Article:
Howe v. Farmers Cooperative Creamery of Madison

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132 N.W.2d 844 (1965)

Alvin HOWE, Claimant and Appellant, v. FARMERS COOPERATIVE CREAMERY OF MADISON, a Corporation, Employer, and Western Surety Company, a Corporation, Insurer, Defendants and Respondents.

No. 10148.

Supreme Court of South Dakota.

February 3, 1965.

*845 Lammers & Lammers, Madison, for claimant and appellant.

Kirby, McDonnell & Kirby, Sioux Falls, for defendants and respondents.

ROBERTS, Presiding Judge.

Appellant, Alvin Howe, was employed by defendant Farmers Cooperative Creamery of Madison. He claims that he sustained an injury to his back resulting from a fall while lifting a can of cream. A claim for workmen's compensation was denied. From judgment of the circuit court affirming decision of the Industrial Commissioner, claimant perfected an appeal to this court.

The Industrial Commissioner filed findings in which he found that "Claimant has an eight percent (8%) permanent partial disability of the spine due to scoliosis. The condition was not caused by his alleged accidental injury nor was this condition aggravated by the alleged accidental injury". In a proceeding under the Workmen's Compensation Law, the burden rests on claimant to establish his claim. Appellant does not challenge this rule, but contends that where, as in the instant case, claimant has proved a compensable injury by a clear preponderance of evidence it was unreasonable for the trier of fact to fail to find affirmatively for him.

"The rule is well established in this state that on appeal from a decision of the Industrial Commissioner, the circuit court sits as a reviewing court only upon the record made before the commissioner. The trial forum for ascertaining material facts is the Industrial Commissioner, and facts so found must be accepted by the reviewing court unless so palpably erroneous upon the record as to be unreasonable; such facts standing substantially upon the same plane as the verdict of the jury." James v. McDonald, 73 S.D. 78, 39 N.W.2d 478.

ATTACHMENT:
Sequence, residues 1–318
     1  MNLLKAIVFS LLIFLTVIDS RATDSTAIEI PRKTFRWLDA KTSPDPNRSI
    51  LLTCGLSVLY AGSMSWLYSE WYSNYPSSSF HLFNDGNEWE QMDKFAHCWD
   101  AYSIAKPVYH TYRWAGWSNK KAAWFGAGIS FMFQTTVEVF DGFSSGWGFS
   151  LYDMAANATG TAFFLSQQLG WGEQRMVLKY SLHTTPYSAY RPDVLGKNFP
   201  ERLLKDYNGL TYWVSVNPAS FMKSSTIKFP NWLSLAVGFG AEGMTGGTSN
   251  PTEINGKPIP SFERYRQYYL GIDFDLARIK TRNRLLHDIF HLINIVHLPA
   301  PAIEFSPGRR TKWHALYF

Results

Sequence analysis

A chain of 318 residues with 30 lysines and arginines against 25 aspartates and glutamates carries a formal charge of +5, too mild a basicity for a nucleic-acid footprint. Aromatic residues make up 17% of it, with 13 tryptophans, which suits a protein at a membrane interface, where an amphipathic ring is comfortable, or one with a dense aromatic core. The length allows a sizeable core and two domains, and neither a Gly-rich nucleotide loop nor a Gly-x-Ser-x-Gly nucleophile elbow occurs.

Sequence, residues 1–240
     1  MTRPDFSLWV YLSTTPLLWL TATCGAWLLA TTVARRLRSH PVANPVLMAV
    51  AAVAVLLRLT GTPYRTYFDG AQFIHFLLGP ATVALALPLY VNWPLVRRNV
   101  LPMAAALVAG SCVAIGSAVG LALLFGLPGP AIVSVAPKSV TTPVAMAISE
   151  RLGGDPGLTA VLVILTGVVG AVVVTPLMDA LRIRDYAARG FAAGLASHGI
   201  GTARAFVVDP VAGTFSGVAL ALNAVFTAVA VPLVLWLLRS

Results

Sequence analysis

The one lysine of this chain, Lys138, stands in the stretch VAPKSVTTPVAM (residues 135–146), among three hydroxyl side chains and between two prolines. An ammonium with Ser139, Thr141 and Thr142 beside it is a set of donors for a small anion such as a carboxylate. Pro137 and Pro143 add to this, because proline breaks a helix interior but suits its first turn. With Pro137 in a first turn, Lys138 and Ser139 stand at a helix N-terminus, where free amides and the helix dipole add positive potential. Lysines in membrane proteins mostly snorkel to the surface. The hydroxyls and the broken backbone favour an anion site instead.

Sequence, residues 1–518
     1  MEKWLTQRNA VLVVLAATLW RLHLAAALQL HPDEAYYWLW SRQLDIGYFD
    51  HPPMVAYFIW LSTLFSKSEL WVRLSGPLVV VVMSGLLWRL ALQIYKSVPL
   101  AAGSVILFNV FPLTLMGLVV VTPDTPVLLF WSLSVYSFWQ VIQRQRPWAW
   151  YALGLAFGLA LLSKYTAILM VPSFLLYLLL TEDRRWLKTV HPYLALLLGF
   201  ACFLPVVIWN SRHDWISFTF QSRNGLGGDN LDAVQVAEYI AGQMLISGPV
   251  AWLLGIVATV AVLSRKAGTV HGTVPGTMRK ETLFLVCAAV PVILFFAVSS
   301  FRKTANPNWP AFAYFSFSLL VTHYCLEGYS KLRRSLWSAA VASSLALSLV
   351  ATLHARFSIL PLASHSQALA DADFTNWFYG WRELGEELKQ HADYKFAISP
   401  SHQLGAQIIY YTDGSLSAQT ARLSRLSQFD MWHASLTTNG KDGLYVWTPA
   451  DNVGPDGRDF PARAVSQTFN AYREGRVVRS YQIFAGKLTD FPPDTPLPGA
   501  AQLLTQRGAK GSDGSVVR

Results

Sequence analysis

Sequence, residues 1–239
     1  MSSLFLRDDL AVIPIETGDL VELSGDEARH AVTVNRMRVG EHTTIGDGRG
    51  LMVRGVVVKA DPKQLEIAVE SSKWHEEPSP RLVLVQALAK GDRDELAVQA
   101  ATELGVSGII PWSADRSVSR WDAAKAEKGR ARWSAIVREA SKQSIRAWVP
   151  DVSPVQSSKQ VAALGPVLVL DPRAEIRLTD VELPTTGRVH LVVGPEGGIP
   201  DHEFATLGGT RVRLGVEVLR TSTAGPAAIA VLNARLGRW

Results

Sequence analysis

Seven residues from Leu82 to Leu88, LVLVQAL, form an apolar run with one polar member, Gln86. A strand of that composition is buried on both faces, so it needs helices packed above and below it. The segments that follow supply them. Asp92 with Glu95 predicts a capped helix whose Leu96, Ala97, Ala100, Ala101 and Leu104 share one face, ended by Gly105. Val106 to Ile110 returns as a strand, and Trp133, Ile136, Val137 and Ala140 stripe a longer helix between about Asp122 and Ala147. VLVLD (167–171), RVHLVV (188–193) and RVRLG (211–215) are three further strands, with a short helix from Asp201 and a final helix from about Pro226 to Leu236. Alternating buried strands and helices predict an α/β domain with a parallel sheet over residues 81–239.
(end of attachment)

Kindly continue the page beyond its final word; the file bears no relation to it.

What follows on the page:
In Edge v. City of Pierre, 59 S.D. 193, 239 N.W. 191, we said: "When the decision of the industrial commissioner is adverse to the claimant, it is not necessary affirmatively to find the existence of any facts to support the same. The claimant having the burden of proving the existence of material facts in order to prevail, if, to the mind of the trier of the facts, claimant has not sustained that burden, the decision must be rendered against the claimant. It is usual, but by no means necessary, to support a decision adverse to the claimant by a finding affirmative in form of the converse of the facts as to which claimant having the burden of proof has failed to sustain it."

Proof need not arise to a degree of absolute certainty, but an award may not be based on mere possibility or speculative evidence. Mehlum v. Nunda Cooperative Ass'n, 74 S.D. 545, 56 N.W.2d 282. The commissioner is not compelled to accept as absolute verity every statement of a witness not contradicted by direct evidence. The persuasiveness of evidence may be overcome even though uncontroverted by direct evidence. Bruns v. Stedman, 76 S.D. 586, 82 N.W.2d 845.